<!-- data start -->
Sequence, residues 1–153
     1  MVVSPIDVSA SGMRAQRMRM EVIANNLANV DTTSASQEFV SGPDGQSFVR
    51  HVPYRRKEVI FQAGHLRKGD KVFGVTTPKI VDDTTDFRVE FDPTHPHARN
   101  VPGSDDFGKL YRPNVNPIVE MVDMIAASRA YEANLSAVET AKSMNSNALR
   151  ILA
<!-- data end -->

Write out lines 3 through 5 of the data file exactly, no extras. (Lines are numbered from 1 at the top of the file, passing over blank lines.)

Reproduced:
    51  HVPYRRKEVI FQAGHLRKGD KVFGVTTPKI VDDTTDFRVE FDPTHPHARN
   101  VPGSDDFGKL YRPNVNPIVE MVDMIAASRA YEANLSAVET AKSMNSNALR
   151  ILA